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sendfile32 - used to copy data between two file descriptors


sendfile32 is a system call used to copy data between two file descriptors. It is used to copy data using zero copy system calls, which can potentially improve the performance when dealing with large IO sizes. The operation may fail or complete with a partial result, depending on the size of the data being sent.

Advantages of using sendfile32 include its ability to do zero-copy IO and to handle large IO requests. Drawbacks include the fact that it can only be used to send data from one file descriptor to another, and that it is not atomic and therefore vulnerable to time-of-check/time-of-use (TOCTOU) race conditions.


  • out_fd:int - file descriptor from which data is to be read.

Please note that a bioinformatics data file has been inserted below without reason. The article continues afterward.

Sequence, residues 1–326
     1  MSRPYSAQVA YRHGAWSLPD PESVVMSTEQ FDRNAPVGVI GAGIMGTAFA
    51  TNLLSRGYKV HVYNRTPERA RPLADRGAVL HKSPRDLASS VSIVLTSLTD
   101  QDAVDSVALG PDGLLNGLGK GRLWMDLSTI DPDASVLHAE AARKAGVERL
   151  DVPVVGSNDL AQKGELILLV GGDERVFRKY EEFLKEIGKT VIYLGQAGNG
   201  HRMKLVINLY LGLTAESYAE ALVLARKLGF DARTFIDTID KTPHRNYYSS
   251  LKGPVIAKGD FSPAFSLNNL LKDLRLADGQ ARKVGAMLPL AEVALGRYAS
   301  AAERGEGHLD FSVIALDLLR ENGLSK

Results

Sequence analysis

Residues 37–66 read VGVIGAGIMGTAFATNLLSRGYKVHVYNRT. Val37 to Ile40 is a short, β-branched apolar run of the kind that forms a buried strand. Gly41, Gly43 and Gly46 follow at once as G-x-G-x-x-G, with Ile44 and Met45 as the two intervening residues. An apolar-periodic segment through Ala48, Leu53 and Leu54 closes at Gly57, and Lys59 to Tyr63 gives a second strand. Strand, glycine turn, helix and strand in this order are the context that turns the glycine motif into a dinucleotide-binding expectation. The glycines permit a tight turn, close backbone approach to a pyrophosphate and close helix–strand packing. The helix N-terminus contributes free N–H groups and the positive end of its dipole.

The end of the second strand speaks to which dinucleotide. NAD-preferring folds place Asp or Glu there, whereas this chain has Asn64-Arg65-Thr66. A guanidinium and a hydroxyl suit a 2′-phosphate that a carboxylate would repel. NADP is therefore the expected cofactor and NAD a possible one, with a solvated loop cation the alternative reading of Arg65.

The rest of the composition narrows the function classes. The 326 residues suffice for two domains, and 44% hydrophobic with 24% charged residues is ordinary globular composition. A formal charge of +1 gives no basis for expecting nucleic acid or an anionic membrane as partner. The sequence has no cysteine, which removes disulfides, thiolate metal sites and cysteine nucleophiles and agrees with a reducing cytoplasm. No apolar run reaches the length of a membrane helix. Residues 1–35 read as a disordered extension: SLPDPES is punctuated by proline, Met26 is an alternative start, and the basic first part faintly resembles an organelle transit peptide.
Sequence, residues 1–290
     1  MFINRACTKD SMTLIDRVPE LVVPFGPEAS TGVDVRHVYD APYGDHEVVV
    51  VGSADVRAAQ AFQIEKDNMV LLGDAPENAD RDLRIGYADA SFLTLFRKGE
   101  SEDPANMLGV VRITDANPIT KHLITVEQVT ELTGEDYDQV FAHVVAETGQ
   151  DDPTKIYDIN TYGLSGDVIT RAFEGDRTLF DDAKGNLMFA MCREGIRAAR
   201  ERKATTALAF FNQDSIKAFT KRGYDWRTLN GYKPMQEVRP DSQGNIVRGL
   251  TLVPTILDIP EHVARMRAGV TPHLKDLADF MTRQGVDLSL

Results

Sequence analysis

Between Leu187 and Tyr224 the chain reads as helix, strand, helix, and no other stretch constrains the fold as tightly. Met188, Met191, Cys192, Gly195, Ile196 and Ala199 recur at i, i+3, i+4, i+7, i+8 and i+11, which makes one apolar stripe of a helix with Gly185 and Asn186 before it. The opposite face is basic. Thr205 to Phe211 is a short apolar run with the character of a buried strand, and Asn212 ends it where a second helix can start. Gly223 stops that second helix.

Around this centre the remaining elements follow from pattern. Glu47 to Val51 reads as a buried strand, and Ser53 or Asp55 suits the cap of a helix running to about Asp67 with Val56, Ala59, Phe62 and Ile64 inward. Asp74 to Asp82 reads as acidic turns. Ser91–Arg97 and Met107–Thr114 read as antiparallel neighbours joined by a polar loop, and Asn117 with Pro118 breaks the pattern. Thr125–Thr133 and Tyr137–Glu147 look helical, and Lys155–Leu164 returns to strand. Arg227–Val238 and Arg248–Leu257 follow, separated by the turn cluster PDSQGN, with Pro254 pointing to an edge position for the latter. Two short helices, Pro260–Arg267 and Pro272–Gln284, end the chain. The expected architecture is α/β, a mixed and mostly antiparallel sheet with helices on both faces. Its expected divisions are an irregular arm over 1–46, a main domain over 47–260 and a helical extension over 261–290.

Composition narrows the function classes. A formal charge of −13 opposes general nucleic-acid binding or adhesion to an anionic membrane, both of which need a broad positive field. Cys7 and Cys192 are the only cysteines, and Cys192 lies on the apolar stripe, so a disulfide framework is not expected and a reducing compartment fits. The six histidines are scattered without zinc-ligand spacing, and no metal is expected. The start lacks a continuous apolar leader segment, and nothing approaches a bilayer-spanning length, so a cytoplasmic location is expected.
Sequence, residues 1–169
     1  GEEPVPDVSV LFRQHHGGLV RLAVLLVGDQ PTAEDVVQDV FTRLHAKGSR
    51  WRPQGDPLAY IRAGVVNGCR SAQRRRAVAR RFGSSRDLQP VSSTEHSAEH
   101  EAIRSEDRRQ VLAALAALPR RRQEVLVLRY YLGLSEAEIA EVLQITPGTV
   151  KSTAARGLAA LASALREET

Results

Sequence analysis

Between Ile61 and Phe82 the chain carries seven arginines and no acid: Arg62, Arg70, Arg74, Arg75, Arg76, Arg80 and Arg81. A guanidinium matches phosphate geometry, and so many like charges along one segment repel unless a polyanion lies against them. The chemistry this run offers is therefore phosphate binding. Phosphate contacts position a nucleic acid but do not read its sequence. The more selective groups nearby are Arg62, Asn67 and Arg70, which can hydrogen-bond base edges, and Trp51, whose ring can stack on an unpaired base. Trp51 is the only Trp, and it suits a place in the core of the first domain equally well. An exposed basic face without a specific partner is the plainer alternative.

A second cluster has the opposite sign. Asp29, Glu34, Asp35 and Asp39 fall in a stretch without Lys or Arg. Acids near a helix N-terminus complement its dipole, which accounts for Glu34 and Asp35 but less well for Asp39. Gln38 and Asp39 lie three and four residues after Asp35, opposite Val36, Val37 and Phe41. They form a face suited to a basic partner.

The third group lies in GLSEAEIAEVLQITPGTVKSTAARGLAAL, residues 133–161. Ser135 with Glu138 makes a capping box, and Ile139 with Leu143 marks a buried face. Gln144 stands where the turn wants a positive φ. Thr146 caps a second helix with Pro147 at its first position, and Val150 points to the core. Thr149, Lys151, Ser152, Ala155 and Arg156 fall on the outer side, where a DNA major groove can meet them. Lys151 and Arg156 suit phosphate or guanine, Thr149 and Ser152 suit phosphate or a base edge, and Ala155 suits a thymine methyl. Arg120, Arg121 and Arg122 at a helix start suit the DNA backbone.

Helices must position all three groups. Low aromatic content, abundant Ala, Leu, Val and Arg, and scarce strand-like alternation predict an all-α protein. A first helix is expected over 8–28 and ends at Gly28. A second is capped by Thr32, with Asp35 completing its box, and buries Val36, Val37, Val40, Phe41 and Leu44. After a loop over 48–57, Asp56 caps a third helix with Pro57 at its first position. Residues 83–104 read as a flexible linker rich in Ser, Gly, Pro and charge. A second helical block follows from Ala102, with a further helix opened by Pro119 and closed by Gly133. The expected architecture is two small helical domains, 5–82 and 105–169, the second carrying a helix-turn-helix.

• in_fd:int - file descriptor to which data is to be written.
  • offset:off_t*[U,TOCTOU] - pointer to an offset to start reading from the in_fd descriptor.
  • count:size_t[OPT] - the number of byte to copy. If not passed, the value is assumed to be the size of the file.

Available Tags

  • K - Originated from kernel-space.
  • U - Originated from user space (for example, pointer to user space memory used to get it)
  • TOCTOU - Vulnerable to TOCTOU (time of check, time of use)
  • OPT - Optional argument - might not always be available (passed with null value)



Kprobe + Kretprobe


Used to trace each time the system call is executed.

Example Use Case

A monitoring system might use this event to track the rate at which each user is copying data from one file descriptor to another.


sendfile32 is not atomic and therefore vulnerable to time of check/time of use (TOCTOU) race conditions.

  • execve: used to call the sendfile32 system call.
  • pread: used to read data from a file descriptor.
  • write: used to write data to a file descriptor.

This document was automatically generated by OpenAI and needs review. It might not be accurate and might contain errors. The authors of Tracee recommend that the user reads the "events.go" source file to understand the events and their arguments better.